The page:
Did You Know?
Alone on Mars, the Curiosity Rover sings to itself Happy Birthday.
There are myriad ways to celebrate a sixth birthday on Earth. Magic show. Pony ride. Temper tantrum outside a Chuck E. Cheese’s. But 34 million miles away, on Mars, options are limited. When the Curiosity rover turned six this morning, it didn’t even get a “happy birthday.”
Five years ago, Curiosity wished one to itself. In 2013, NASA programmed the rover’s sample-analysis unit to vibrate to the tune of “Happy birthday,” which it sang to itself on Aug. 5 of that year(2018).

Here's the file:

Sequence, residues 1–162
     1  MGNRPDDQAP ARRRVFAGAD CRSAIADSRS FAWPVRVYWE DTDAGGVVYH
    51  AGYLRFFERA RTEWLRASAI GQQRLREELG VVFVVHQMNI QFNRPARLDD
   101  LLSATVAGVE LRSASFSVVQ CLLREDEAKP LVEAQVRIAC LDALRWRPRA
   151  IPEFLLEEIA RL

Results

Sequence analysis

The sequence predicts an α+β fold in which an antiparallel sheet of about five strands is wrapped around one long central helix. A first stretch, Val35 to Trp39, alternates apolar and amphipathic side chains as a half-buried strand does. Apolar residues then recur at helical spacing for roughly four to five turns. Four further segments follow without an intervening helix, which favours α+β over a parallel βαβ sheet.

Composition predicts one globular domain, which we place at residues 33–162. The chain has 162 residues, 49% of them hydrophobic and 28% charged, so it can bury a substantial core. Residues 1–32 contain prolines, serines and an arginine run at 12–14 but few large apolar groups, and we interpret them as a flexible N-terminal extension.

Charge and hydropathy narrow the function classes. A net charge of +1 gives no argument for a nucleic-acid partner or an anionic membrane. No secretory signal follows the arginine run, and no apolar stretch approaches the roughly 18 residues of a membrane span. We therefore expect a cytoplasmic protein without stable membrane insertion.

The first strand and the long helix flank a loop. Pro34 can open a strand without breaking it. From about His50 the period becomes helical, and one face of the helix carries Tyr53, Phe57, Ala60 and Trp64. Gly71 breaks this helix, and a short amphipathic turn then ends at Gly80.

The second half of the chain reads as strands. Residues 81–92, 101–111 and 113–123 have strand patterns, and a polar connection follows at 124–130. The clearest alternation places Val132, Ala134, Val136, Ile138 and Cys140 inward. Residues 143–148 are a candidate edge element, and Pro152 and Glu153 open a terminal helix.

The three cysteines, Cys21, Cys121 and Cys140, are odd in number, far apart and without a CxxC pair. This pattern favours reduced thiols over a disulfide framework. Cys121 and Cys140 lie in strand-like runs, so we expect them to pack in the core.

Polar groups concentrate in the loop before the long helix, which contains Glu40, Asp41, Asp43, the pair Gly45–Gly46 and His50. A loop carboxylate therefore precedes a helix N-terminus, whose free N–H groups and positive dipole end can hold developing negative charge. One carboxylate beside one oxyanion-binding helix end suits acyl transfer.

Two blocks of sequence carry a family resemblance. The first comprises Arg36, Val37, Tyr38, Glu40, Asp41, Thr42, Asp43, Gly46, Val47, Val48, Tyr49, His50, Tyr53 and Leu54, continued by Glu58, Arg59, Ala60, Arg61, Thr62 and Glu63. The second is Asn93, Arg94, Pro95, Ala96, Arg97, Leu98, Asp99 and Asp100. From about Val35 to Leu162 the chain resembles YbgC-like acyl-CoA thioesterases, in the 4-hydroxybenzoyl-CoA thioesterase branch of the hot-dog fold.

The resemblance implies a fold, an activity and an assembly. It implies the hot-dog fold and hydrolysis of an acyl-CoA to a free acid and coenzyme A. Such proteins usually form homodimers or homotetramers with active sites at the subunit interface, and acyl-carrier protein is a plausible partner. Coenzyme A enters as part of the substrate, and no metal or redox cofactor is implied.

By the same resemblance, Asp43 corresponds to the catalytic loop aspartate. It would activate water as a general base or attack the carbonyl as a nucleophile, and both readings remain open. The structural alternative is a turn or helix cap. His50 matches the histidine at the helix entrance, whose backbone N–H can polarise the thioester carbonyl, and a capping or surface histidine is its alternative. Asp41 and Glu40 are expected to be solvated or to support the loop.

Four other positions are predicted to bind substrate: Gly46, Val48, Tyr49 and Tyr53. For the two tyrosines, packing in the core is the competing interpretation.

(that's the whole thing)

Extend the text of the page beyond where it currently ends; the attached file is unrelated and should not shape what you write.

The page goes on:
While some headlines suggest that Curiosity has been humming an annual HBD ever since, in reality the song was a onetime occurrence. As Florence Tan, deputy chief technologist at NASA’s Science Mission Directorate (and electrical lead engineer for Curiosity’s sample-analysis unit), told The Atlantic: “In a nutshell, there is no scientific gain from the rover playing music or singing ‘Happy Birthday’ on Mars.” Doing so uses power, of which the rover’s nuclear battery has a finite supply. Technically, singing “Happy birthday” to itself only hastens Curiosity’s demise.